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Credit Card Company Abandons Lawsuit Against Review Site

The legal battle between First Premier and credit card review site CardHub raised free speech questions, as well as a reminder of the financial links between some card issuers and the sites that review them.

Posted on January 13, 2015, at 12:51 p.m. ET

First Premier

The South Dakota based credit card company First Premier has abandoned its lawsuit against the credit card review website CardHub, which hosted reviews of First Premier's credit cards. The suit, first filed in April, asked for $5 million in damages and alleged that CardHub had violated First Premier's trademarks by listing information about the card, providing a link to the First Premier website, and using its logos.

First Premier dropped the suit in a filling late Friday in federal court in South Dakota

First Premier has often faced criticism from consumer advocates for high fees attached to their credit cards, which are usually aimed at borrowers with poor credit. Many credit card review sites don't have reviews of First Premier credit cards. Charles Tran, the founder of, told BuzzFeed News in August that his site doesn't list First Premier cards because "there's almost no point to their products." Kevin Yuann, credit card director at NerdWallet, another credit card website, said in August that First Premier cards "are not an appropriate product for people to build credit."

The suit spotlighted both the free speech protections for consumer review sites – CardHub's lawyers claimed that First Premier was trying to silence their skeptical reviews of their products — and the business relationships between popular credit card review sights and major credit card issuers.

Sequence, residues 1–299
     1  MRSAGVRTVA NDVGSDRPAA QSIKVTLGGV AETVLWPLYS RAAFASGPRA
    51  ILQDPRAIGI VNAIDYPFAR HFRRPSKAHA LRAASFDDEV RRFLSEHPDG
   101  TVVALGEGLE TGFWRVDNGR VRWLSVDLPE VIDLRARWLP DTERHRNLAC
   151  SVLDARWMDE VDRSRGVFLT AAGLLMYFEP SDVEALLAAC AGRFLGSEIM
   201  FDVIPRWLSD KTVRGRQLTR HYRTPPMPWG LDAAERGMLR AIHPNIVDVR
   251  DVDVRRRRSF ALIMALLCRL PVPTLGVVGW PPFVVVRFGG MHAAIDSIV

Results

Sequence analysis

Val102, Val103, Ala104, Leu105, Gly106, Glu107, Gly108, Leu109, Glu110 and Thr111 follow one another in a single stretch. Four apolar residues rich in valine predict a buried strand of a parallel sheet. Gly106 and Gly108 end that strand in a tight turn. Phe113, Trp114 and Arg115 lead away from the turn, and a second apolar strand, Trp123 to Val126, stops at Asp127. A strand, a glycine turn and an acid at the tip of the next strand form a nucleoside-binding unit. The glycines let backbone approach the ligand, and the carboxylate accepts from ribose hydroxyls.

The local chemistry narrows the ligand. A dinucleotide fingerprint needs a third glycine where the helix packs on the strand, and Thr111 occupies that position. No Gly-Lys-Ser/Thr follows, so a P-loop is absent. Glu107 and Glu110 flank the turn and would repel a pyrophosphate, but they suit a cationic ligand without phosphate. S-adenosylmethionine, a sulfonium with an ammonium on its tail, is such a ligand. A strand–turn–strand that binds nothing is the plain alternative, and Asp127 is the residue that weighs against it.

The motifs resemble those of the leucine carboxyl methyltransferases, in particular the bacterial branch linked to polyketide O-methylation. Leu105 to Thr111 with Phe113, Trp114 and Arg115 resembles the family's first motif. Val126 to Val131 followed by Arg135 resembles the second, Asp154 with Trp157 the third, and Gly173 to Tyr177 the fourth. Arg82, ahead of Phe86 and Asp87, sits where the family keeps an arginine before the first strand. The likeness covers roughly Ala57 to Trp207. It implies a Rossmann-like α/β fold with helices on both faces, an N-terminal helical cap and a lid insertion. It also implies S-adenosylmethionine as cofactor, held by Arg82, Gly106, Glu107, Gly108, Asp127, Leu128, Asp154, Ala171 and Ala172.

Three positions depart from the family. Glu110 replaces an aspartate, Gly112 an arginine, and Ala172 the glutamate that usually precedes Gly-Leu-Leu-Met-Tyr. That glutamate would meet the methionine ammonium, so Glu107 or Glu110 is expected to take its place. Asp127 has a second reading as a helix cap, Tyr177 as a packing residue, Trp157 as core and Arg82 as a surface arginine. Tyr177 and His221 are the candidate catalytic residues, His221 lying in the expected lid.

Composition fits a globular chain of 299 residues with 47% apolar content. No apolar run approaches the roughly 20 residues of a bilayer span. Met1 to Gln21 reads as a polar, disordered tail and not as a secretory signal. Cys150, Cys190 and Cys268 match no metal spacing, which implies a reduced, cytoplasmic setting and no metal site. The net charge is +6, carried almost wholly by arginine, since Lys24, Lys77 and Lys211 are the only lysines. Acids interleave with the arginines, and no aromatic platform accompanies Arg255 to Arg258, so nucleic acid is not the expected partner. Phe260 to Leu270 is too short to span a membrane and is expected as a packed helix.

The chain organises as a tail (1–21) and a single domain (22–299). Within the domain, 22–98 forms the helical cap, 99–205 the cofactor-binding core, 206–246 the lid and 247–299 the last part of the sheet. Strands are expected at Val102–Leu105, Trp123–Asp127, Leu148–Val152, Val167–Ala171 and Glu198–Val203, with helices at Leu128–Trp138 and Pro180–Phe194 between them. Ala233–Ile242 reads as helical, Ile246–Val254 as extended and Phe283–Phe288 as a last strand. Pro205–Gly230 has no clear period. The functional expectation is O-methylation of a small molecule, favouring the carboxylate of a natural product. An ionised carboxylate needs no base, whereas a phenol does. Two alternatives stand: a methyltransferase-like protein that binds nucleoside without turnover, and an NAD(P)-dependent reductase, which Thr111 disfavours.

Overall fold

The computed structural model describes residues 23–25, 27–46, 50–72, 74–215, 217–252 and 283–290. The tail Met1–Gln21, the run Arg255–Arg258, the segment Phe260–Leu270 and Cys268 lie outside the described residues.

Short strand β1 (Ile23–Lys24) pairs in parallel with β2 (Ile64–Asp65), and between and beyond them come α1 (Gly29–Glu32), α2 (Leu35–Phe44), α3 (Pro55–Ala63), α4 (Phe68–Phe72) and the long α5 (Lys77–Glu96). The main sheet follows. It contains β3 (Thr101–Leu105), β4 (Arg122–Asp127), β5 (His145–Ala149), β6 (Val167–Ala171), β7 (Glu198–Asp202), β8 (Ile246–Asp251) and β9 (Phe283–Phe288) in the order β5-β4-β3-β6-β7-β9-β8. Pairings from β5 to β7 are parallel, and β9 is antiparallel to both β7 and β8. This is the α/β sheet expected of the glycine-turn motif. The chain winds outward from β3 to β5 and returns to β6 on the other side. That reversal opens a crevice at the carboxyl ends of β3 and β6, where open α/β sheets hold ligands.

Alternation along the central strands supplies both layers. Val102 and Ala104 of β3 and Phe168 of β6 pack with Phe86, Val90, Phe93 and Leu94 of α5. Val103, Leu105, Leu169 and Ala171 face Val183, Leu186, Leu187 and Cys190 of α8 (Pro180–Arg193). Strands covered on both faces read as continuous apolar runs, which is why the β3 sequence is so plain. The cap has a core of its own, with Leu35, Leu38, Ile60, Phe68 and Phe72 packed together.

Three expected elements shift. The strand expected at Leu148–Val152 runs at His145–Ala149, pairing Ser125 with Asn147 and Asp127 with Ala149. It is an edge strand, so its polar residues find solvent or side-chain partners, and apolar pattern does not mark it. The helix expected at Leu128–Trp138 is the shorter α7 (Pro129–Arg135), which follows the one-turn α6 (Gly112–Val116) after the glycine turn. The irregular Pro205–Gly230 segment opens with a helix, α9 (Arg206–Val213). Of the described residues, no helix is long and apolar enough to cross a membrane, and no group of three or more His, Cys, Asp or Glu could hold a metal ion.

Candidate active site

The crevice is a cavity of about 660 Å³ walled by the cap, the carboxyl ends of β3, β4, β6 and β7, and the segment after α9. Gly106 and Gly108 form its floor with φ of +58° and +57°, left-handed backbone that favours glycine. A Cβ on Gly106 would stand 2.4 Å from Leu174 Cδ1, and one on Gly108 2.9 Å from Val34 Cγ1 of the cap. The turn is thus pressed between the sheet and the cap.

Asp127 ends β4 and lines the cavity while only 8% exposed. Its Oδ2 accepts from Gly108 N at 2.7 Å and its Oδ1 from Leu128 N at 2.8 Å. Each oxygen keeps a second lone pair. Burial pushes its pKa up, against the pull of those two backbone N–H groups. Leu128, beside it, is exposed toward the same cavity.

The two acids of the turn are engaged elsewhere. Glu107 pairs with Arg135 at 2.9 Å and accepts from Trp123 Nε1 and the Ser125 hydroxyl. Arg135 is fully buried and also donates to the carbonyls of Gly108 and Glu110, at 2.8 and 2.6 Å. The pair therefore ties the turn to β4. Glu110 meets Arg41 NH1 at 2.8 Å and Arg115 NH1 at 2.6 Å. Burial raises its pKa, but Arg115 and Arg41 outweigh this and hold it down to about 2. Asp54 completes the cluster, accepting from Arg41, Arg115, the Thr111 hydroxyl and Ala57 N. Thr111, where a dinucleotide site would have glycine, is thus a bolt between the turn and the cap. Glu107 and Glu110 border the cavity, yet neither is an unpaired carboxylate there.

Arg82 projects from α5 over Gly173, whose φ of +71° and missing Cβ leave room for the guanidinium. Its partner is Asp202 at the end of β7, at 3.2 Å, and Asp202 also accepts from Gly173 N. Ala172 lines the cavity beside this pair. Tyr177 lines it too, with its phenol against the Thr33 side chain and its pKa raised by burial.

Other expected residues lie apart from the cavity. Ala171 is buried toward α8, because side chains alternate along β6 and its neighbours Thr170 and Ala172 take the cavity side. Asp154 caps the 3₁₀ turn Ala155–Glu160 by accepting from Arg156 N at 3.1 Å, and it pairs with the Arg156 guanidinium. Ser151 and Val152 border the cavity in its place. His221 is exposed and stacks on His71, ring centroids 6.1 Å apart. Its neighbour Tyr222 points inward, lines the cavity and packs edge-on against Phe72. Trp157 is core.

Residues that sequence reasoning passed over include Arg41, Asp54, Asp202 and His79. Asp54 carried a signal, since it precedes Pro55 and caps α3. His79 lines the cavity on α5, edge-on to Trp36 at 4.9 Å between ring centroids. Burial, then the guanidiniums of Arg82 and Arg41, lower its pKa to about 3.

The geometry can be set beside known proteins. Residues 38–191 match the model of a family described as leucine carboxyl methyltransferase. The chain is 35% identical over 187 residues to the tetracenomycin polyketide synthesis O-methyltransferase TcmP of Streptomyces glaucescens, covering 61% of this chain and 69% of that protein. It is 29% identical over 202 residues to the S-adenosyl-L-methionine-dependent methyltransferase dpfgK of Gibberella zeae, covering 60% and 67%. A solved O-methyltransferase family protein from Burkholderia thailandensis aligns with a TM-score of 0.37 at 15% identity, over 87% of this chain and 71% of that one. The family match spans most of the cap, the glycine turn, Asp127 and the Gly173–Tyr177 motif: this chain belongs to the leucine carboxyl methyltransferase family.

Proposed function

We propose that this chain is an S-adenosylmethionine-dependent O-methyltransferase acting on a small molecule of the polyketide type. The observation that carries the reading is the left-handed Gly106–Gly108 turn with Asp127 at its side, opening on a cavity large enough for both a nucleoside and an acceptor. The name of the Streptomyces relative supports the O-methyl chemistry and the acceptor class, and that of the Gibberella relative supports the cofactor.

CardHub initially had a business relationship with First Premier that included advertising. The relationship ended in January, 2011 but CardHub still hosted a link on its site to apply for a First Premier credit card, which First Premier claimed made CardHub essentially an unapproved affiliate of First Premier. Many credit card comparison website have affiliate relationships with credit card issuers and receive some revenue when their readers apply for a card through a link on their site.

CardHub's attorneys claimed First Premier's suit was an attempt to squash their own negative reviews of First Premier products. On CardHub right now, First Premier's Bank Gold Credit card has two and a half stars out of five. The card, designed for borrowers with poor credit, has a $95 one-time fee, a $75 fee in the first year, a $6.25 monthly fee after the first year and a 36% interest rate.

First Premier dropped the suit following a ruling Wednesday from the judge, Lawrence Piersol, rejecting a request by First Premier for Card Hub to take down its First Premier listings. "Our stance was the links might cause confusion," Premier Bankcard vice president Darrin Graham told the Wall Street Journal.

"We are gratified by this victory, and are glad that the court saw through First Premier's attempt to use the trademark laws to silence us," said Odysseas Papadimitriou, the founder and CEO of CardHub's parent company. "Now we can go back to giving consumers all the information they need to intelligently navigate the credit-card marketplace."